Among those four statements, I count four in favor of delaying the use of force in Iraq, zero against ultimately using force in Iraq, zero in favor of making the use of force contingent on U.N. approval, and zero in favor of delaying the defense of America. We now know that contrary to what Bush told us, Iraq had no WMD programs capable of threatening America. But never mind. According to Bush, "Kerry's Plan" is "Delay Defending America."

On Wednesday, Dick Cheney, who was defense secretary under George H.W. Bush and is now vice president under George W. Bush, denounced Kerry for saying at a March 8 fund-raiser, "I've met more leaders who can't go out and say it all publicly, but boy, they look at you and say, 'You've got to win this, you've got to beat this guy, we need a new policy,' things like that." Kerry's comment was stupid and off-message. Cheney's was not. In a scripted, 150-word rebuttal, Cheney used the phrase "foreigners" or "foreign leaders"—which he knew Kerry had never used—five times. Cheney mocked the "unnamed foreigners he's [Kerry] been spending time with" and demanded, "We have a right to know what he is saying to foreign leaders that makes them so supportive of his candidacy."

You get the message. Kerry's been spending time with the wrong sort of people. What's good for them must be bad for you. This is the message segregationists delivered to white voters 50 years ago about white politicians who met with blacks. "Foreigners" were the subjects of a different message: McCarthyism. Cheney's speech combines the two: What is Kerry saying to our enemies that makes them so supportive of his candidacy?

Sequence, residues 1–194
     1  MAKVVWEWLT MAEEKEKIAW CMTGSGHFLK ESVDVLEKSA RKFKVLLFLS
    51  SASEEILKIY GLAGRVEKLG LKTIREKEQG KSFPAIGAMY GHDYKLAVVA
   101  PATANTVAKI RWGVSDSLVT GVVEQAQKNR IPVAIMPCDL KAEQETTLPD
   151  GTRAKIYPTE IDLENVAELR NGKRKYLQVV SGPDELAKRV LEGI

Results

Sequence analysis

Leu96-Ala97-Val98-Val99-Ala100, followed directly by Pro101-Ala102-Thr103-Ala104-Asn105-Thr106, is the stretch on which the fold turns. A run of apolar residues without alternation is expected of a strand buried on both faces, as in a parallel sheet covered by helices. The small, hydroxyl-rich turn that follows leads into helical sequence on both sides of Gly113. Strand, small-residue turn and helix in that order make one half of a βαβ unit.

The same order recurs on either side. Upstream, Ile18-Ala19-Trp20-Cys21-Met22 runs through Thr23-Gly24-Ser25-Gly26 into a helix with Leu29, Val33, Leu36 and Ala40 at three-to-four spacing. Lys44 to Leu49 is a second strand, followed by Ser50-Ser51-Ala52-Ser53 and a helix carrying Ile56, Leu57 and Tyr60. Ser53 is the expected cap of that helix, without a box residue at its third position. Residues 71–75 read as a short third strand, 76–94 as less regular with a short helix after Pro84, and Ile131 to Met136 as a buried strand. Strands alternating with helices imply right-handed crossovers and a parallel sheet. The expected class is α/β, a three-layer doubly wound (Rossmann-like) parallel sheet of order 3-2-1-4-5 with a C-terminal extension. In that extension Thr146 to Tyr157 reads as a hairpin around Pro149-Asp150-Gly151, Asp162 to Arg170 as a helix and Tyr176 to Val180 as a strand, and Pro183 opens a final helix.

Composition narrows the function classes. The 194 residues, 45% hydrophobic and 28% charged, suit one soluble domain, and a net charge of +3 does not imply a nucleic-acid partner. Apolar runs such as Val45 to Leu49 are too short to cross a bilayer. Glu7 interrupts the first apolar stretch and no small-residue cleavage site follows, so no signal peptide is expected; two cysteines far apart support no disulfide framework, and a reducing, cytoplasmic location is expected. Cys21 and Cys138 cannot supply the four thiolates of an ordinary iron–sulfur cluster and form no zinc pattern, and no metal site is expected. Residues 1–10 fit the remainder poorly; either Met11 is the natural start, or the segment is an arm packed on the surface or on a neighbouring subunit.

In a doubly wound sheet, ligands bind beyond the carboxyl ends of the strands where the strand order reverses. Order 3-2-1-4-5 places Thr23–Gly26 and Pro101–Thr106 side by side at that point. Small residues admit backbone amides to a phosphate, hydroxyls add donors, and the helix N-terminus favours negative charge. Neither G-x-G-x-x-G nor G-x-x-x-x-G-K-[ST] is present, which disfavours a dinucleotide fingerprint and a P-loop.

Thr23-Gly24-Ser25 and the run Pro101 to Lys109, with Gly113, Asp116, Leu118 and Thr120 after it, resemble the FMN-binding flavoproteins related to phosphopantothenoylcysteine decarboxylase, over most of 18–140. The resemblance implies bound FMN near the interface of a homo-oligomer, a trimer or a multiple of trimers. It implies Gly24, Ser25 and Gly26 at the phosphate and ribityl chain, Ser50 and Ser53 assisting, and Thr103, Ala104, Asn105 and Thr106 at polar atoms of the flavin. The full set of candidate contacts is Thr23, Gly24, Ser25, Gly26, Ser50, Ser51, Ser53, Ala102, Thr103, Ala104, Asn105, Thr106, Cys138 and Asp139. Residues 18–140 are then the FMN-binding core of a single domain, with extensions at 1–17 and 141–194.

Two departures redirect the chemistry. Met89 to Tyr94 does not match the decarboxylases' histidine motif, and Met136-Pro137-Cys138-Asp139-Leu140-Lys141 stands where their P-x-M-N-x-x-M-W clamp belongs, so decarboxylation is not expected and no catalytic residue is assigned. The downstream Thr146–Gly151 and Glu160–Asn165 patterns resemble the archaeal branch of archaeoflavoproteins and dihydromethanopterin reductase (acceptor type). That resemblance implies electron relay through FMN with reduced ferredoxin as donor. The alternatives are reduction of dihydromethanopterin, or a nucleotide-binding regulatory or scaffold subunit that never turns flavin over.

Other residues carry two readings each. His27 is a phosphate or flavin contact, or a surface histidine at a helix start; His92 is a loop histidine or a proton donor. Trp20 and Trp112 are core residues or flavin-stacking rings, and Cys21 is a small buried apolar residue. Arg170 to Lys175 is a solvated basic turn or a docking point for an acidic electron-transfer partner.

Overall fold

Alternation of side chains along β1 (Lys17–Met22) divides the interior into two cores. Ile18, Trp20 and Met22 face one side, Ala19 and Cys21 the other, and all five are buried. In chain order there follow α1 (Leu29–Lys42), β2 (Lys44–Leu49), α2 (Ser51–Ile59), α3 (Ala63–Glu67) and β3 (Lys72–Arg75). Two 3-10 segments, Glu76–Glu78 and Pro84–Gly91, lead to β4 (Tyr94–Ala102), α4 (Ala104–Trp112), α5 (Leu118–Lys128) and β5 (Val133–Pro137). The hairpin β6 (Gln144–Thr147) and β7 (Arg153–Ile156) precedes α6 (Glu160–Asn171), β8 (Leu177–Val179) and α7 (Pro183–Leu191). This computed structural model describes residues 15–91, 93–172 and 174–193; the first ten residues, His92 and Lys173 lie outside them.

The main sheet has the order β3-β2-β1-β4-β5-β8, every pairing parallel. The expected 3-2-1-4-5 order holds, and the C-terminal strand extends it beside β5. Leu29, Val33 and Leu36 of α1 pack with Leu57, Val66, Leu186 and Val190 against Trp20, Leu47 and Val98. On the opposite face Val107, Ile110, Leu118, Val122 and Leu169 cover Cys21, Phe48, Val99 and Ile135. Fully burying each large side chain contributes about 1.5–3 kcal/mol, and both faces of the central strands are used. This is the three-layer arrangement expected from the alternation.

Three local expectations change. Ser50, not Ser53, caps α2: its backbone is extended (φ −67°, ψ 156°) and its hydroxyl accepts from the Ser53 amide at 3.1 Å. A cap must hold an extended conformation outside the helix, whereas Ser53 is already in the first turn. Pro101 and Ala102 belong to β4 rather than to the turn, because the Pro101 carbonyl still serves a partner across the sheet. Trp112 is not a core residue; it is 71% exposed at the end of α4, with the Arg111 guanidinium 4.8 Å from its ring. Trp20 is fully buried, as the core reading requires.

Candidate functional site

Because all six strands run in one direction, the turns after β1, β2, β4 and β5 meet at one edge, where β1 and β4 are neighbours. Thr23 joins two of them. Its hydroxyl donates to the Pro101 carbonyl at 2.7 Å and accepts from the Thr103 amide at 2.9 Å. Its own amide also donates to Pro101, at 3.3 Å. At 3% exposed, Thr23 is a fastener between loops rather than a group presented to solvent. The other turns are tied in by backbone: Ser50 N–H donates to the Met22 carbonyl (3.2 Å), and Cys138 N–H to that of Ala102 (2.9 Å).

"Of the many nations that have joined our coalition [in Iraq]—allies and friends of the United States—Sen. Kerry speaks with open contempt," Cheney went on. What was Cheney's evidence for this charge? "Sen. Kerry calls these countries, quote, 'window dressing,' " said the vice president. "Italy, which recently lost 19 citizens, killed by terrorists in Najaf—was Italy's contribution just window dressing?" Cheney concluded that Kerry "speaks as if only those who openly oppose America's objectives have a chance of earning his respect."

There you go. Kerry points out what everyone knows: The Iraq war was an American operation dressed up as a "coalition of the willing," in which Britain was the only other country to play a major role. Cheney calls this "contempt" for "friends of the United States." Nineteen Italians get killed in a war that Bush and Cheney started against the will of most Italians, but it's Kerry, not Bush, who has shown contempt for Italy and other "friends of the United States." Better yet, the foreign leaders with whom Kerry has consorted don't just oppose Bush's policy in Iraq; they "oppose America's objectives." If Jacques Chirac imagines that what he opposed in Iraq was Bush's method of achieving objectives shared by France, he fails to understand that Bush's policies, by definition, are America's objectives.

Just like it says here in our Constitution, Jacques: L'etat c'est moi.